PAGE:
Jail Terms

Talk about serving time! Jail, prison, and penitentiary have been the English language’s words for a place of incarceration since the days of Geoffrey Chaucer, who penned his immortal poems from 1357 to c.1390. (Chaucer’s spelling of jail as gaol served for more than five centuries, then faded away.) Prison is from Old French prisun, and its spelling in English changed to prison in the late twelfth century. Penitentiary is one form of penitent, defined by the Oxford English Dictionary (OED) as “One who repents with serious purpose to amend a sin or wrongdoing”; related words include penitence and repentance.

Following are colloquial terms for those buildings or complexes that are at once forbidding and rather reassuring.

the big house

Before slavery was abolished, slaves on Antebellum plantations called the owner’s home “the big house,” and housework was far preferable to cotton-picking or other field work. In the early 1900s this term began to be used to distinguish large prisons from community jails, and some linguists say its application to places of incarceration arose from imprisoned blacks’ view that forced domestic work is plantation houses had been every bit as oppressive as labor in sun-scorched fields.

the calaboose

This word for a local jail emerged in New Orleans in the late 1700s and derives from calabozo, Spanish for “dungeon.” When Harriet Beecher Stowe made it her word of choice for jail in the 1852 novel  Uncle Tom’s Cabin (“Send them to the calaboose to be flogged”… “One day I was out walking and passed the calaboose…”) the word quickly gained currency. Its use began to decline in the 1920s, but calaboose occasionally finds its way into modern-day print and speech.

the clink

If you think this word is onamatapoeic,* think again: Clink was the name of a prison in the Southwark borough of London, home to murderers, thieves, pickpockets, and myriad other lawbreakers from 1144 to 1780. The clink became slang for prison a few decades after the facility closed, peaked in the 1940s and ’50s, and remains in use today.

the hoosegow

It was cartoonist Bud Fisher who created the first continuous comic strip: Mutt and Jeff,** starring the very tall Mutt and the very short Jeff. Their first platform? The San Francisco Chronicle, in 1908. The same year, Fisher spelled juzgao (the Mexican Spanish word for jail) as “hooze gow” and put it Jeff’s mouth with “Mutt may be released from the hooze gow” — and the word took off like a rocket. Over the years it was popularized all the more by movie and radio cowboys like Tom Mix, Hopalong Cassidy, and Roy Rogers… and while the comic strip ended in 1982, hoosegow lives on to this day.

the pokey

Eytymologists aren’t sure why the pokey came to mean “jail” (Merriam-Webster’s assigns it an “origin uknown”), but a clue comes from one of the OED’s definitions of the word, sans the e:poky (adj.): petty in size or accommodation; affording scanty room to stir; confined, mean, shabby.” And if that doesn’t describe jail, what does? The word became synonymous with jail around 1900, peaked in usage in the 1980s, bounced back, and now is as current as ever.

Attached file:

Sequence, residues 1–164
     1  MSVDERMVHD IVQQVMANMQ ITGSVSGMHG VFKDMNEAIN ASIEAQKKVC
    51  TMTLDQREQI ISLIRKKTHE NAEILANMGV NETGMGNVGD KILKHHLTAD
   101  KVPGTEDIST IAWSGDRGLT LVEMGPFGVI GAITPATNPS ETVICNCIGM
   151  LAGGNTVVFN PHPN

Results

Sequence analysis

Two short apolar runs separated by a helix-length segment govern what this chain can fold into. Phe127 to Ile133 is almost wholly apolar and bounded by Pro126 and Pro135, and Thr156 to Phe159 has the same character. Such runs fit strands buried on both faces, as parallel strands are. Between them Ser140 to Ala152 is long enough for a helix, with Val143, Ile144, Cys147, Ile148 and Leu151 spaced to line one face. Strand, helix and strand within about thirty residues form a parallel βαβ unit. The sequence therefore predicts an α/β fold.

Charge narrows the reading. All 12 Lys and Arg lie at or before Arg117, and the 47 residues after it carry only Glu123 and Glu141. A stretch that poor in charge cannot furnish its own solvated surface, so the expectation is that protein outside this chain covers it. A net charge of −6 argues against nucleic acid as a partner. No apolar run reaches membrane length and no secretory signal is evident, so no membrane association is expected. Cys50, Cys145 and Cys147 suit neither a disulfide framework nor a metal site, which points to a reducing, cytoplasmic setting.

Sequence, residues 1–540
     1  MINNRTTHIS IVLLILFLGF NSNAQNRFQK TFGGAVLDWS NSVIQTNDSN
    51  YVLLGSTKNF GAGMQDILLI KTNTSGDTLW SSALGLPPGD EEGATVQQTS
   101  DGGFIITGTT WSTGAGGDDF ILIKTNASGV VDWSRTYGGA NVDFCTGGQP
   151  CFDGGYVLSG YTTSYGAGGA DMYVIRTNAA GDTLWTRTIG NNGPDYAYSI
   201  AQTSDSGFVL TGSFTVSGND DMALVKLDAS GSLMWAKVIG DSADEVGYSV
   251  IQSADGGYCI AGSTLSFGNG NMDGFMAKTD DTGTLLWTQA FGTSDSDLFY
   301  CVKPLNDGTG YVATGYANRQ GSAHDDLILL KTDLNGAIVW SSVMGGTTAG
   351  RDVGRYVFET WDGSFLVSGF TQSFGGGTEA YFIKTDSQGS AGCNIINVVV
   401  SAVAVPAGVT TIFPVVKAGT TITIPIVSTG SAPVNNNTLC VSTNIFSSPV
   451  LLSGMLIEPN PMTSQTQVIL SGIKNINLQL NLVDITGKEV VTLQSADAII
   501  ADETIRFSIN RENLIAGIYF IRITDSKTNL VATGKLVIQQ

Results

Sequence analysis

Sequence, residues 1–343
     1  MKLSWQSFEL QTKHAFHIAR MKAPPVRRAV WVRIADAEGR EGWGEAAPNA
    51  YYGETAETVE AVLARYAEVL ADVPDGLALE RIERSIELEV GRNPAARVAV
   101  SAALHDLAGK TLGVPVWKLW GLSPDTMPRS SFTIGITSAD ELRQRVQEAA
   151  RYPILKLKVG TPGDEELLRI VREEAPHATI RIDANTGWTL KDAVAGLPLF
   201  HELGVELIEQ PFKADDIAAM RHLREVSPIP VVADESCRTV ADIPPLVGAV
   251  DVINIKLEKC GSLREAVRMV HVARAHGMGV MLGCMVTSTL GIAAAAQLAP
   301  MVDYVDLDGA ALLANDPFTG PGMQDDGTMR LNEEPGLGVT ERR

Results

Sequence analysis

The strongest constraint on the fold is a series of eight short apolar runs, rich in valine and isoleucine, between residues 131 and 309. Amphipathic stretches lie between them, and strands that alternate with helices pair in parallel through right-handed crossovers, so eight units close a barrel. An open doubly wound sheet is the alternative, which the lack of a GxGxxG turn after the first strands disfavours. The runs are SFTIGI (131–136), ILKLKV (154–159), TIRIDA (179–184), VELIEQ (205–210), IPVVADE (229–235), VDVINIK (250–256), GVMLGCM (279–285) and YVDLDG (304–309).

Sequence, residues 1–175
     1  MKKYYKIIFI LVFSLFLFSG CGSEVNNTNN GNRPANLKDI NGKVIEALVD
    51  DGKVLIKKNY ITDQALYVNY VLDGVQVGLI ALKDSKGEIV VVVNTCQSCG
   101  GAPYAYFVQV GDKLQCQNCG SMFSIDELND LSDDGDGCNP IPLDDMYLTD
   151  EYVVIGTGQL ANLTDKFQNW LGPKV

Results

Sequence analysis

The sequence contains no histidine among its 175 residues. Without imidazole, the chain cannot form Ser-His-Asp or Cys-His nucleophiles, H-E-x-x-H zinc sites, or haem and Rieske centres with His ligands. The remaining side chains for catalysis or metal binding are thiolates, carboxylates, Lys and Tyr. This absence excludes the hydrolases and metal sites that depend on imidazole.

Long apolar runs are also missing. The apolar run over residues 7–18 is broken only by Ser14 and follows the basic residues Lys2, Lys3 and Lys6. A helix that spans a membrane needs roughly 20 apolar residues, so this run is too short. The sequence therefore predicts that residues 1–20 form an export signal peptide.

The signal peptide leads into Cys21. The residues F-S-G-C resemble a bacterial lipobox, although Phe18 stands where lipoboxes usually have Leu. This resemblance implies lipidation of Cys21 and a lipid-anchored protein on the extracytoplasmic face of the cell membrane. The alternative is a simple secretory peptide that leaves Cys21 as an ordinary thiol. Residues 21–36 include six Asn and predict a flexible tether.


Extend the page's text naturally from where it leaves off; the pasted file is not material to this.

the slammer

Born of gangster lingo in the mid-twentieth century, slammer is a natural match for prison and jail; after all, the point of incarceration is to keep inmates slammed inside. The first recorded use of slammer in this respect was 1952. Then, for reasons unknown, it took off in the hippie era and never looked back. In the America of today it is perhaps the most common slang word for a place of incarceration or, more euphemistically, a “correctional facility.”

up the river

The river herein is the Hudson, the waterway of New York State. The town of Ossining, 30 miles up the Hudson from New York City, is the site of Sing Sing Correctional Facility (Sing Sing is from Sinck Sint, the Mohican name for the site), which first opened its doors (and slammed them shut) in 1828 – and the expression “sent up the river” soon became shorthand for “sent to prison.”  Its use peaked around 1900 and tapered off thereafter, but this colloquialism has yet to find itself on death row.

*The noun onomatopoeia is defined as “the name of a thing or action by a vocal imitation of the sound associated with it.” In this instance, think of the clink made by a jail cell door or a tin cup run across the bars.

**The term Mutt and Jeff entered the language a century ago and still hangs on to describe two people with a noteworthy difference in height. Example: “I’d be more inclined to flirt with that tall drink o’ water named Angie if she and I weren’t so Mutt and Jeff.” And thanks to the Internet, the comic strip itself can still be enjoyed. (To see for yourself, click here.)

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